Figure 5
Nursing test.

Adiposity measures

Weaning age

Overall, body fat, leptin and insulin levels in weaning-age pups were affected by the foster dam's genotype. This pattern was observed for the total weight of the white fat pads (expressed as percent of the rat's BW), and separately for retroperitoneal and inguinal fat pads, both in males and in females and epydidimal fat in OLETF males (all F>5.06; all p<0.05) (Tables 1&2). In addition, OdLp rats displayed greater amount of total white fat pads, compared to LdLp (Figure 6a). Similarly, cross-fostering LETO pups to an OLETF dam (OdLp) resulted in significantly higher levels of leptin (Figure 7a) and insulin (Figure 8a), in both males and females (all F>6.63; all p<0.05). Leptin and insulin levels did not differ between same-sex LdOp and OdOp groups (Figures 7b&8b). Similarly, liver adiposity was significantly greater in OdLp females compared to LdLp controls (p<0.05), an effect not found in the males or in the OLETF strain weanlings (Table 3). In contrast to the white fat pads, where the pattern of adiposity reflected the dam's genotype, BAT levels (expressed as percent of the rat's BW) at weaning were determined by the strain of the pups and were not affected by adoption (Tables 1&2).

Figure 6
Total white fat (expressed as percent of BW).
Figure 7
Plasma leptin levels.
Figure 8
Plasma insulin levels.
Table 1
Weight of the different fat pads in the LETO strain.
Table 2
Weight of the different fat pads in the OLETF strain.
Table 3
Biochemical measurements in plasma and liver adiposity.

The overall pattern was also evident in adipocyte cell size, both in males and in females (Figures 9a&b). Besides the OdLp males, all changes in cell size were significant (all F>8.74; all p<0.05). Cell number was significantly greater in female LdOp weanlings compared to OdOp (F(1,8) = 13.12, p<0.01), there were no significant differences in the males or the LETO strain (Figures 10a & b).

Figure 9
Adipocyte size calculated from inguinal adipose tissue.
Figure 10
Estimation of the adipocyte number (expressed as percent of BW).


At PND90, the genotype of the pups seemed to be the major determinant of adiposity, with OdLp similar to LdLp pups and LdOp similar to OdOp pups. However, OdLp males and females showed larger retroperitoneal fat pads and total white fat (expressed as percent of the rat's BW) compared to LdLp controls (both F>5.0; both p<0.05; Table 1& Figure 6c). In the OLETF strain, LdOp males showed reduced epydidimal (F(1,11) = 7.25, p<0.05; Table 2).

LdOp males and females had reduced liver adiposity compared to OdOp (both F>6.47; both p<0.05; Table 3). Long term effects on leptin levels were only evident in OdLp males, which presented higher levels than controls (F(1,18) = 9.15, p<0.01, Figure 7c). No effects were found in plasma insulin, adipocyte size and number in any of the groups (Figures 8c&d, 9c&d and 10c&d).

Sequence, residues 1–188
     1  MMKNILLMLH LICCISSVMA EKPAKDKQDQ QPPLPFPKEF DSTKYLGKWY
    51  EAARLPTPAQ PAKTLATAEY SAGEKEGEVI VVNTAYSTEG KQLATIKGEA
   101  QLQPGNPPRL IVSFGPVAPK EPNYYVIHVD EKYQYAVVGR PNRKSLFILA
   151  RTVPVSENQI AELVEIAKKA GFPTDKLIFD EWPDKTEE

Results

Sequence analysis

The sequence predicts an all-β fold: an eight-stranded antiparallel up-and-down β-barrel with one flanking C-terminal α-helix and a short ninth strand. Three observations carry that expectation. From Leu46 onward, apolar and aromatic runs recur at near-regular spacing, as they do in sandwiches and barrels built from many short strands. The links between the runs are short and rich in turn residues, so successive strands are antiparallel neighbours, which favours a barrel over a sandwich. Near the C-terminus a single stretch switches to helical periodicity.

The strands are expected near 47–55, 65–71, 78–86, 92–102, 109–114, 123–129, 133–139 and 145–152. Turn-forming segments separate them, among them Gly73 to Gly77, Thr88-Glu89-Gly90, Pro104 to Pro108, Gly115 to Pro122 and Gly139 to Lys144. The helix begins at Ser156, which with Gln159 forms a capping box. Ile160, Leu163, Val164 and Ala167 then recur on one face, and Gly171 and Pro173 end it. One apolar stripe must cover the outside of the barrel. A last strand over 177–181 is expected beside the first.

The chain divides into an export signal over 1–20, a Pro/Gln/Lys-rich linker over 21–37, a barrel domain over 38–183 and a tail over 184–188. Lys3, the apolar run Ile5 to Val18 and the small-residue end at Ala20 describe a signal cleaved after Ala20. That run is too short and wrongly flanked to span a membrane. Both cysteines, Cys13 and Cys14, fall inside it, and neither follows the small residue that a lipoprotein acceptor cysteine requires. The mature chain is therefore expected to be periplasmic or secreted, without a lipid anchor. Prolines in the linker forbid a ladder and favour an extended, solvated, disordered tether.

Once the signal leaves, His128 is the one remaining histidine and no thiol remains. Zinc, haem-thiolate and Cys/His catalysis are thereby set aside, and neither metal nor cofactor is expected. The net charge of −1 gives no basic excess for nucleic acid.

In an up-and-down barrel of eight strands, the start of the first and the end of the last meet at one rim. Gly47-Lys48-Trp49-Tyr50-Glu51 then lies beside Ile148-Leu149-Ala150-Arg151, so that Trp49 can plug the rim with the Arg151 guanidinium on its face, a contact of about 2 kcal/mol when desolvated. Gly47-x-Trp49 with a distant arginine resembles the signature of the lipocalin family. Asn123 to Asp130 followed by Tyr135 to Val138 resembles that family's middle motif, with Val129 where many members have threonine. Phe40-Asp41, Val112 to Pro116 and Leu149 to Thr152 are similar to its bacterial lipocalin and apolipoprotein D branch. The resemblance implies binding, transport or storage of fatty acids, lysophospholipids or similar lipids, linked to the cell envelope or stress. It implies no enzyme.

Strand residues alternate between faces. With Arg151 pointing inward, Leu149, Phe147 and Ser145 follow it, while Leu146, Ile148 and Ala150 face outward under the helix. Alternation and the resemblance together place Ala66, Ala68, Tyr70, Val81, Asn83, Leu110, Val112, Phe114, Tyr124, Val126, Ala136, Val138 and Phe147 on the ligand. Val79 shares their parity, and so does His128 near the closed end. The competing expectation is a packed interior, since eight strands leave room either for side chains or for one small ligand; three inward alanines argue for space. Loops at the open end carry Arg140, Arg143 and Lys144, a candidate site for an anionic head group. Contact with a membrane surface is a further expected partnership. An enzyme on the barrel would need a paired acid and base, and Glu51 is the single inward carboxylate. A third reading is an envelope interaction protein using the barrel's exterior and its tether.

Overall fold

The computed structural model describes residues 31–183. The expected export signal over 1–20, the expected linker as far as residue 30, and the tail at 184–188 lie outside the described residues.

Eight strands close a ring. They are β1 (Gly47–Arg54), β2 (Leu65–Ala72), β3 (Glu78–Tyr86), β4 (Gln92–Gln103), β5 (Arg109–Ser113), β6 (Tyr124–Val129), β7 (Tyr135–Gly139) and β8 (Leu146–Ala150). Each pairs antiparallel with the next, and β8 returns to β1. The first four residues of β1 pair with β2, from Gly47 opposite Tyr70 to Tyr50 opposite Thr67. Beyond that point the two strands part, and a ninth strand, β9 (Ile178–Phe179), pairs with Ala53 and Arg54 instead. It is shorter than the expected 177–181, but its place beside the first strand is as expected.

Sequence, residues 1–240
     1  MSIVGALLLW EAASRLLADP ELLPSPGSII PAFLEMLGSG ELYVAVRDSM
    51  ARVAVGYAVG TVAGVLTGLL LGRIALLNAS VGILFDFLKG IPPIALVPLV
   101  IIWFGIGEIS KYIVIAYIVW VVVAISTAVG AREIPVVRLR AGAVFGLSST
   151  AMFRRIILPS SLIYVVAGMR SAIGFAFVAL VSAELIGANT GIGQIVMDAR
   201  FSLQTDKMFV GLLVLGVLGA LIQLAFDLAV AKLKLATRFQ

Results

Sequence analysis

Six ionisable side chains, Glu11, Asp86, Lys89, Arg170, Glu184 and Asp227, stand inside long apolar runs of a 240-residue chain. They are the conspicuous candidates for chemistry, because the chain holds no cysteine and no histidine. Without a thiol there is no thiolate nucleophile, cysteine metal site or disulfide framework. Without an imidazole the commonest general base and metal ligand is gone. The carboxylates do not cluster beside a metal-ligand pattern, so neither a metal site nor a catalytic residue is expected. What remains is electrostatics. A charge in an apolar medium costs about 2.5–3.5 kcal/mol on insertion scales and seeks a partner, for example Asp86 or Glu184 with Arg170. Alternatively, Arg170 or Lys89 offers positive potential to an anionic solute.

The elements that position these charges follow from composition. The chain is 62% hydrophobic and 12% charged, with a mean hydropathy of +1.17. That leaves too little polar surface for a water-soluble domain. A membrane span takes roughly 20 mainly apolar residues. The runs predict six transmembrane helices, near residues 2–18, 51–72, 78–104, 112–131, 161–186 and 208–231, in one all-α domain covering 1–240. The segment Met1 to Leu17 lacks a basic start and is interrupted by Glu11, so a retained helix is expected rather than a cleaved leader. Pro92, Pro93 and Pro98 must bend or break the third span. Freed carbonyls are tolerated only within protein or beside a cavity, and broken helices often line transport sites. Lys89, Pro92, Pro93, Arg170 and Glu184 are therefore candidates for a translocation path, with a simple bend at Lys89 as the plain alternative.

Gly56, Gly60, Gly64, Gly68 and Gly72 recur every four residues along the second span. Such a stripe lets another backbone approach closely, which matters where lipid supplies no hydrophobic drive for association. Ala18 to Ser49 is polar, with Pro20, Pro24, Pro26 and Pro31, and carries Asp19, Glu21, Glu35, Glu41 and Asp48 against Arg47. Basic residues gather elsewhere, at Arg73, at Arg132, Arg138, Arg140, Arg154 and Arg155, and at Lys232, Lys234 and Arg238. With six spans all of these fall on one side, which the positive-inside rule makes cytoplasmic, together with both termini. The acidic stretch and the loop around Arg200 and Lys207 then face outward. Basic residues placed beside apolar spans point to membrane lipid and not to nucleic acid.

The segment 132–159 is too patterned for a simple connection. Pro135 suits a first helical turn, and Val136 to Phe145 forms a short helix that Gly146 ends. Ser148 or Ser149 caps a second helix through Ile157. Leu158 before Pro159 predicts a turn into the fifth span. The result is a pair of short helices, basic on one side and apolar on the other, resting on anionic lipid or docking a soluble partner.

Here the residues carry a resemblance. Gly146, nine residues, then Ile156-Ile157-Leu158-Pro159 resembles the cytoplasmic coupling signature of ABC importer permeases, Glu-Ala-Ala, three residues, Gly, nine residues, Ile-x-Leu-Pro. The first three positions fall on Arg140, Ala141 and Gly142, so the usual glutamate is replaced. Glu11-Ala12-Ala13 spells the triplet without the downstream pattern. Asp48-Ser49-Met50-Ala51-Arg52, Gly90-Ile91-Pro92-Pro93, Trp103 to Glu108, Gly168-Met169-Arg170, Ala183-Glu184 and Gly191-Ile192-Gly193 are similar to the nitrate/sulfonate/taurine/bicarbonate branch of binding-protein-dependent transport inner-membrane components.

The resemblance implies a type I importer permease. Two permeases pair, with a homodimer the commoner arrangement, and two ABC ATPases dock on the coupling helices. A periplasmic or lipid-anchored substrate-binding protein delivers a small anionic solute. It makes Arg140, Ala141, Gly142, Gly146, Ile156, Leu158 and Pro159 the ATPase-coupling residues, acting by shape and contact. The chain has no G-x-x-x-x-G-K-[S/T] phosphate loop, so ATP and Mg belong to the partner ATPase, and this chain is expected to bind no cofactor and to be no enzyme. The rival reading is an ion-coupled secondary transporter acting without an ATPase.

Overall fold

Biochemical tests in plasma

At weaning, no significant effects were found among the groups in the OLETF strain in any of the parameters examined (Table 3). Results were similar in the LETO strain with the exception of OdLp females, which had significantly higher cholesterol levels than LdLp controls (F(1,8) = 8.50, p<0.05); Table 3).

On PND90, a significant effect of cross fostering on triglyceride and cholesterol levels was found in the OdLp females (both F>4.90, p<0.05; Table 3) compared to LdLp controls. LETO and OLETF males showed no long term effects on these parameters. LdOp females presented lower ALT levels (F(1,8) = 13.03, p<0.01) and tended to lower cholesterol levels compared to OdOp females (Table 3). No significant effects were found among the groups in glucose levels (Table 3).

Estrous cycle

As shown in Figure 11, cross fostering significantly affected the structure of the estrous cycle. In OdLp rats compared to LdLp rats (chi-square = 9.75, df = 2, p<0.01) the amount of 4-day cycles was increased, 5-day double diestrous cycles were less frequent and 5-day double estrous cycles were increased. In the OLETF strain, changes in the estrous cycle were also evident (chi-square = 17.70, df = 2, p<0.001). Cross fostering did not change the frequency of 4-day cycles in LdOp compared to OdOp females, but significantly increased their frequency of 5-day double estrous while reducing the occurrence of 5-day double estrous cycles. Overall, the fostering manipulation changed the estrous cycle structure according to the strain of the dam (Figure 11a). Analysis of the intake across the cycle was performed on data from the diestrous and estrous phases. Pro-estrous was excluded due to insufficient data. Overall caloric intake differed among the groups both in the diestrous (F(3,472) = 511.42, p<0.001) and the estrous phases (F(3,178) = 158.76, p<0.001). Specifically, OdLp females consumed more food than LdLp in both phases, while LdOp females consumed less food than OdOp in both phases (Duncan's test, p<0.05) (Figures 11b&c). Intake decrease from D to E (in percentages) was calculated between the groups, showing that LdOp had a sharper intake decrease than OdOp females in the estrous phase (8.43% vs. 4.87%) and OdLp presented a more moderate decrease than LdLp females (7.33% vs. 8.30%).

Figure 11
Estrous cycle parameters.


The present study was designed to evaluate the short and long term influence of the postnatal environment on the food intake, body weight and adiposity of normal and genetically hyperphagic rats. We have recently characterized the early developmental stages of obesity in the OLETF strain: Pups (both males and females) display many pre-obese characteristics such as increased body weight, intake and adiposity [13],[14],[15], soon after birth. OLETF pups also exhibited an avid appetite, reflected by their increased suckling efficiency in the first PN week as well as explicit initiative in inducing nursing bouts in the third PN week [13],[19]. In addition, an examination on the maternal (nursing) behavior in this strain also revealed a significant contribution from the side of the dam to the pre-obese phenotype of the pups. OLETF dams, when rearing their own pups, surrender to the pups' nursing demands resulting in longer nursing bouts (when rearing lean pups this nursing frequency declines), which together with their high fat milk results in overweight pups [13],[19].